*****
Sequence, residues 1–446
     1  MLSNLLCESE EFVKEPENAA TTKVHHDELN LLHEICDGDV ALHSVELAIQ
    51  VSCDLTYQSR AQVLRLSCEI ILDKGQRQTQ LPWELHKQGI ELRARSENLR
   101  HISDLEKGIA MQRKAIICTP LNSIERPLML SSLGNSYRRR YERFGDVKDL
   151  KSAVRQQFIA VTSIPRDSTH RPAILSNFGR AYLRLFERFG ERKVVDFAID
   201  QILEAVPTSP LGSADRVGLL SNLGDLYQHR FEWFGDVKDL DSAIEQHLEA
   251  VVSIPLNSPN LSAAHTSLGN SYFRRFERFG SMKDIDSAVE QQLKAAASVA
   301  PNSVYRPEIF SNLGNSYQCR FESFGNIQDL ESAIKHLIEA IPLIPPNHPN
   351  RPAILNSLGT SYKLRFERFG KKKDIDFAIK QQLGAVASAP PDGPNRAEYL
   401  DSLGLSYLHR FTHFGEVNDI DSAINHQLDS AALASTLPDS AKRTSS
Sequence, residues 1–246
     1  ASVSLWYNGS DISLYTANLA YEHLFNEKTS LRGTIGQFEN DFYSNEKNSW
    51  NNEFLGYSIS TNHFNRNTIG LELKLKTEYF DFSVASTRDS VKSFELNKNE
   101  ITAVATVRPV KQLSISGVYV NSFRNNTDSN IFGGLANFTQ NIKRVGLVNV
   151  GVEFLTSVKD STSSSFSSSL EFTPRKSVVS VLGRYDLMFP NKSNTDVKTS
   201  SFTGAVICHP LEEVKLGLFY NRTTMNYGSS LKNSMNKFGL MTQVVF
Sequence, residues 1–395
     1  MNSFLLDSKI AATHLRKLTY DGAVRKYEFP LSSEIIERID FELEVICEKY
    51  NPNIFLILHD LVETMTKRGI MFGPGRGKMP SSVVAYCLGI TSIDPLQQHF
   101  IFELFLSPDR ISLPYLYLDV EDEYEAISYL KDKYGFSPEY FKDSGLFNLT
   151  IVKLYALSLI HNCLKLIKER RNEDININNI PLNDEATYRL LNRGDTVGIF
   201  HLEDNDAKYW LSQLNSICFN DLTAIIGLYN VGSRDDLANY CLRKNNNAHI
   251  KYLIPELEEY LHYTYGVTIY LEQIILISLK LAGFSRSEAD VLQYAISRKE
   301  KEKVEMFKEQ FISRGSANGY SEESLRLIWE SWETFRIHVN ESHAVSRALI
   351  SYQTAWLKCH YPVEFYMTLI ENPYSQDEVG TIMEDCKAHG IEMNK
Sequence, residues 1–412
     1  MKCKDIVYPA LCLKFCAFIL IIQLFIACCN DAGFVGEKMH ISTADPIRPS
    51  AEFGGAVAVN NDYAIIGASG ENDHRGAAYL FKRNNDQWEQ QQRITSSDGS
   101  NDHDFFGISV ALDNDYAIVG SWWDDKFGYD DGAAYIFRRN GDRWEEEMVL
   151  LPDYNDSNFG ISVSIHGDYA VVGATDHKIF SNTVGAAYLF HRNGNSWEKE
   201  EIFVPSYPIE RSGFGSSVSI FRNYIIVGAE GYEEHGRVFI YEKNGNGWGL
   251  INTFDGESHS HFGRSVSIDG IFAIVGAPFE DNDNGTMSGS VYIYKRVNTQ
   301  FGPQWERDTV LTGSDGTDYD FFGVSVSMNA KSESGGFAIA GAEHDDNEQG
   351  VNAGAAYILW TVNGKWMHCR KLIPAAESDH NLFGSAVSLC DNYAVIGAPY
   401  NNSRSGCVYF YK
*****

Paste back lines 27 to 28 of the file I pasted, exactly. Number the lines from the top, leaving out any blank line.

     1  MKCKDIVYPA LCLKFCAFIL IIQLFIACCN DAGFVGEKMH ISTADPIRPS
    51  AEFGGAVAVN NDYAIIGASG ENDHRGAAYL FKRNNDQWEQ QQRITSSDGS